Brain tumor staging

Jump to: navigation, search

Brain tumor Microchapters


Patient Information


Historical Perspective




Differentiating Brain Tumor from other Diseases

Epidemiology and Demographics

Risk Factors


Natural History, Complications and Prognosis



History and Symptoms

Physical Examination

Laboratory Findings

X Ray



Echocardiography or Ultrasound

Other Imaging Findings

Other Diagnostic Studies


Medical Therapy


Primary Prevention

Secondary Prevention

Cost-Effectiveness of Therapy

Future or Investigational Therapies

Case Studies

Case #1

Brain tumor staging On the Web

Most recent articles

Most cited articles

Review articles

CME Programs

Powerpoint slides


American Roentgen Ray Society Images of Brain tumor staging

All Images
Echo & Ultrasound
CT Images

Ongoing Trials at Clinical

US National Guidelines Clearinghouse

NICE Guidance

FDA on Brain tumor staging

CDC on Brain tumor staging

Brain tumor staging in the news

Blogs on Brain tumor staging

Directions to Hospitals Treating Brain tumor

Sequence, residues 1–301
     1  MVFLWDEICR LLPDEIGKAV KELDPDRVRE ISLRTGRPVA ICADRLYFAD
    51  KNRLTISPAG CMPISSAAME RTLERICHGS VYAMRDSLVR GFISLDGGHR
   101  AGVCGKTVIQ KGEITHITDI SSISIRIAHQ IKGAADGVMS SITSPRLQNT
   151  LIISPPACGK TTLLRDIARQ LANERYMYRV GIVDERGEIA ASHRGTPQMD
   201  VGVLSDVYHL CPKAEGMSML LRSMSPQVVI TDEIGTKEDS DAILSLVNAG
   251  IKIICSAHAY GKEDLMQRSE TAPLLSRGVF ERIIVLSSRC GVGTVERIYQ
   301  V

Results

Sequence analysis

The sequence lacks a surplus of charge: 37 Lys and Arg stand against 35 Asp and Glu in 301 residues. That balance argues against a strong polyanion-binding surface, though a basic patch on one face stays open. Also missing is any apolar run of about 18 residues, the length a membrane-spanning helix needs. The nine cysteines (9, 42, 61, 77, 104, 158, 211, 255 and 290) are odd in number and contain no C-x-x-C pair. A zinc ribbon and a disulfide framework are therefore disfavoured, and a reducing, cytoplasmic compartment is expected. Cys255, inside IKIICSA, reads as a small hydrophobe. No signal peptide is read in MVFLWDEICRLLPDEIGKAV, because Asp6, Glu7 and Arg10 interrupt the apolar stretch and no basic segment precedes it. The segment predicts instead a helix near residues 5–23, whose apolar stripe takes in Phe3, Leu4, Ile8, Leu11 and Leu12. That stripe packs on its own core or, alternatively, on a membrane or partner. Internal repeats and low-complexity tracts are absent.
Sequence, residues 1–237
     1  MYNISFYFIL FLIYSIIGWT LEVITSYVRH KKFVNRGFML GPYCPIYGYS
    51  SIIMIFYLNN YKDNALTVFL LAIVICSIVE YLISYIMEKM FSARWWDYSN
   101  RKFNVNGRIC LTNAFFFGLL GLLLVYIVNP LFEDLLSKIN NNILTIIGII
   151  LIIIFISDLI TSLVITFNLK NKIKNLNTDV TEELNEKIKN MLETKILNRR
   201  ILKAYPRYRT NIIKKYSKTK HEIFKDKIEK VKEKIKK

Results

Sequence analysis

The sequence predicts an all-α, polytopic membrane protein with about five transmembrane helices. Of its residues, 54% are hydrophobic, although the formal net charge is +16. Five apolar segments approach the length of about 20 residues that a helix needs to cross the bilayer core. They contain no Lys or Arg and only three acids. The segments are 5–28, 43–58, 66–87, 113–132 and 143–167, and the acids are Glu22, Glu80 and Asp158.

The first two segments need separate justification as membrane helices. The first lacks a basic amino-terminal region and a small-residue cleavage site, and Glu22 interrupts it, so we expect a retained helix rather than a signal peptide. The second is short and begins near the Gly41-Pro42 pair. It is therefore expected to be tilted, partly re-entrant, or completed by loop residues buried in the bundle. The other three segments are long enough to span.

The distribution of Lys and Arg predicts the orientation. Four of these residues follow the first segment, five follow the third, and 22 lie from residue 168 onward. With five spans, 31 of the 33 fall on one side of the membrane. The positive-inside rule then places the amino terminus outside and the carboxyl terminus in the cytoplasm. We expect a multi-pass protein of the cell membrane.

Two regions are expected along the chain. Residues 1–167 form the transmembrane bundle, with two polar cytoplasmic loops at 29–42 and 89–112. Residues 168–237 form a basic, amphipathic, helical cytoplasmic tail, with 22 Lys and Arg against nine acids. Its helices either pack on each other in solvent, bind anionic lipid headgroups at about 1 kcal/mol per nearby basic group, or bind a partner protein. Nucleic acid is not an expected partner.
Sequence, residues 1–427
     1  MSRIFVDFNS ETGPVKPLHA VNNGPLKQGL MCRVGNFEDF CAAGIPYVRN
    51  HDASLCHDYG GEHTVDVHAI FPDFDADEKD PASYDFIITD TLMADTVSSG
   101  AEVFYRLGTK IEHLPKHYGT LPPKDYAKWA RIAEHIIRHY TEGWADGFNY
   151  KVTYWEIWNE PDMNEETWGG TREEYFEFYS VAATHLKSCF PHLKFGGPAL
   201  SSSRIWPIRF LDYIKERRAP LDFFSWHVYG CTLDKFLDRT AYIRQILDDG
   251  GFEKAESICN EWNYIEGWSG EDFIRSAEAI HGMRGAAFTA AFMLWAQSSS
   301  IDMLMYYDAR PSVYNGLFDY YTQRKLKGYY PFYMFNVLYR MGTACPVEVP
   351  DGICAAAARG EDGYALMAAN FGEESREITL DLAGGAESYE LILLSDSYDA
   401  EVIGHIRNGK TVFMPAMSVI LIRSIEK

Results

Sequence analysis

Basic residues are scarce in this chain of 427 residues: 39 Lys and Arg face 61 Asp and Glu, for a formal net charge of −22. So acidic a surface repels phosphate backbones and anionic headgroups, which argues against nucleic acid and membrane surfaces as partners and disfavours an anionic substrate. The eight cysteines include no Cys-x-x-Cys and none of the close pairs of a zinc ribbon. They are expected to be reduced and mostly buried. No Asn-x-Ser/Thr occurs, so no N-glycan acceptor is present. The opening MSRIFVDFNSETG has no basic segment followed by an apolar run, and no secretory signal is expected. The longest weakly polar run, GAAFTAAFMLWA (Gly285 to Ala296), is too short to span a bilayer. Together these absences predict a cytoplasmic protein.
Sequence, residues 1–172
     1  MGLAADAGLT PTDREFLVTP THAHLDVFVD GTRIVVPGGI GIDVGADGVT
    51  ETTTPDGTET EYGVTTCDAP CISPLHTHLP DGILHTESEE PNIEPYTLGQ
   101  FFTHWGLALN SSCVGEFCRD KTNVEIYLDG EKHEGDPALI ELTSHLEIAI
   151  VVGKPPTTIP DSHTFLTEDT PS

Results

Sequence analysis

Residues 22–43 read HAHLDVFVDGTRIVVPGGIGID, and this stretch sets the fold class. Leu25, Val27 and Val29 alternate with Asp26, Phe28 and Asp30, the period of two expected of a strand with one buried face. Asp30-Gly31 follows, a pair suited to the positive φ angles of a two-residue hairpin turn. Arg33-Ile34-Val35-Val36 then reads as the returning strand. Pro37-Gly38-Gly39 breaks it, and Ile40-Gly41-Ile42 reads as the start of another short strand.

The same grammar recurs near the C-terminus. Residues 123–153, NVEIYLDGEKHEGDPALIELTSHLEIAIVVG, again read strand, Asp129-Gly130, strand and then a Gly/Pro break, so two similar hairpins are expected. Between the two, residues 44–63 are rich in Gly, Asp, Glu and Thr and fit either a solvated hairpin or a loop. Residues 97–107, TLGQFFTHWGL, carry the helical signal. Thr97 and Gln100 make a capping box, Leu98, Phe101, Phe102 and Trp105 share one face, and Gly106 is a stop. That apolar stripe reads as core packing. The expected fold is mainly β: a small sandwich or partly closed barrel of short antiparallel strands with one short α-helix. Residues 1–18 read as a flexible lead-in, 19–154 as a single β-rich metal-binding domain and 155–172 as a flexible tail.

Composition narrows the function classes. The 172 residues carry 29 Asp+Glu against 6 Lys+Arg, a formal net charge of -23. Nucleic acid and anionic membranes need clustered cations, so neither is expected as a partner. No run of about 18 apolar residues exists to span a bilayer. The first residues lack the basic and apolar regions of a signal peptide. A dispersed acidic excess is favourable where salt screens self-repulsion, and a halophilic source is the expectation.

Risk calculators and risk factors for Brain tumor staging

Editor-In-Chief: C. Michael Gibson, M.S., M.D. [1]Associate Editor(s)-in-Chief: Sujit Routray, M.D. [2]


The subtypes of brain tumors have different staging systems based on the grade, extent of spread, size and presence of distant metastases. According to WHO histologic grading for brain tumors, the grades of brain tumors are subdivided into Grades 1,2,3 and 4. The lower the grade, better the prognosis.

WHO Histologic Grading for CNS Tumors

According to WHO histologic grading for brain tumors, the grades of brain tumors are subdivided into Grades 1,2,3 and 4.[1]

Grade I

  • Lesions with low proliferative potential, a frequently discrete nature, and the possibility of cure following surgical resection alone
    • Juvenile pilocytic astrocytoma
    • Subependymal giant cell astrocytoma

Grade II

  • Lesions that are generally infiltrating and low in mitotic activity but recur; some tumor types tend to progress to higher grades of malignancy
    • Pilomyxoid astrocytoma
    • Pleomorphic xanthoastrocytoma
    • Diffuse astrocytoma
    • Fibrillary astrocytoma
    • Protoplasmic astrocytoma
    • Gemistocytic astrocytoma

Grade III

  • Lesions with histologic evidence of malignancy, generally in the form of mitotic activity, clearly expressed infiltrative capabilities, and anaplasia
    • Anaplastic astrocytoma

Grade IV

  • Lesions that are mitotically active, necrosis-prone, and generally associated with a rapid preoperative and postoperative evolution of disease
    • Glioblastoma
    • Giant cell glioblastoma
    • Gliosarcoma
    • Gliomatosis cerebri[1]


  1. 1.0 1.1 Grading of brain tumors.Dr Amir Rezaee and Dr Frank Gaillard et al. 2015.